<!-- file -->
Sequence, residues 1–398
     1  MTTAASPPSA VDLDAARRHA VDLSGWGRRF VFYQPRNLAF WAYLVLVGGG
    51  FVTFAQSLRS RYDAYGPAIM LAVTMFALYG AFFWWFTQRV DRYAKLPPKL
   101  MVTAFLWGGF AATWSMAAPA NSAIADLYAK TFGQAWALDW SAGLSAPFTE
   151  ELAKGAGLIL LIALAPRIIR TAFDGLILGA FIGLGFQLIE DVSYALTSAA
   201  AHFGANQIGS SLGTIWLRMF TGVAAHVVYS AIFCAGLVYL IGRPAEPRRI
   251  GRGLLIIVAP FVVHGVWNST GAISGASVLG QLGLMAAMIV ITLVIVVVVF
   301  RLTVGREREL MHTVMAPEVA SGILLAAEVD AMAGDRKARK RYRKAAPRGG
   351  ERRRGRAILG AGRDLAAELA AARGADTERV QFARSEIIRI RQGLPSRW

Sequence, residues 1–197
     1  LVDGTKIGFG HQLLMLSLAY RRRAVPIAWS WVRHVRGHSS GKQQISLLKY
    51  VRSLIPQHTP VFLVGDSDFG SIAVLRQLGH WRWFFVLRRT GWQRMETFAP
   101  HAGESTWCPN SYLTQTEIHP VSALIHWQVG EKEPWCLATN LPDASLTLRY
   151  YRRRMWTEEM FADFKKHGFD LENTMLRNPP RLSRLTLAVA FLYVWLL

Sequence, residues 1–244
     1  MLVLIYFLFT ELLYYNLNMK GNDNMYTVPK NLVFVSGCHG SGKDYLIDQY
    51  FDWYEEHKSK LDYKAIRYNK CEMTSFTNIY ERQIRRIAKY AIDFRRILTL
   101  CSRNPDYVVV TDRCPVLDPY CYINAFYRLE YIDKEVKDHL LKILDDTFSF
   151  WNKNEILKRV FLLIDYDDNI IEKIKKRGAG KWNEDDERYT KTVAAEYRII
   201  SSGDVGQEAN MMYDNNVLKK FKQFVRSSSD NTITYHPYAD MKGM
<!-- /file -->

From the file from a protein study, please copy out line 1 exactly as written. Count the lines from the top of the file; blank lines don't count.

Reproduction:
Sequence, residues 1–398